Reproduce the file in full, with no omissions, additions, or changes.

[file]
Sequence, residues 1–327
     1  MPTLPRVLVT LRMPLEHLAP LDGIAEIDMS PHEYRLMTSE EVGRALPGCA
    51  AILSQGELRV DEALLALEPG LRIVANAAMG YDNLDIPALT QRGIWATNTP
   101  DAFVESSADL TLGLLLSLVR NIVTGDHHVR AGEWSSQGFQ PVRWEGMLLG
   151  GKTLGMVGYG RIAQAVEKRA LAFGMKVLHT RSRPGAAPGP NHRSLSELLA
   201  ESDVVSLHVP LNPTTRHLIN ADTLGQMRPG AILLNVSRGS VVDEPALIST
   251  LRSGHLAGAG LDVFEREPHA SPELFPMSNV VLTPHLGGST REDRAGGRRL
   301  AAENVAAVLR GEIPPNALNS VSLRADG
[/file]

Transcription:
Sequence, residues 1–327
     1  MPTLPRVLVT LRMPLEHLAP LDGIAEIDMS PHEYRLMTSE EVGRALPGCA
    51  AILSQGELRV DEALLALEPG LRIVANAAMG YDNLDIPALT QRGIWATNTP
   101  DAFVESSADL TLGLLLSLVR NIVTGDHHVR AGEWSSQGFQ PVRWEGMLLG
   151  GKTLGMVGYG RIAQAVEKRA LAFGMKVLHT RSRPGAAPGP NHRSLSELLA
   201  ESDVVSLHVP LNPTTRHLIN ADTLGQMRPG AILLNVSRGS VVDEPALIST
   251  LRSGHLAGAG LDVFEREPHA SPELFPMSNV VLTPHLGGST REDRAGGRRL
   301  AAENVAAVLR GEIPPNALNS VSLRADG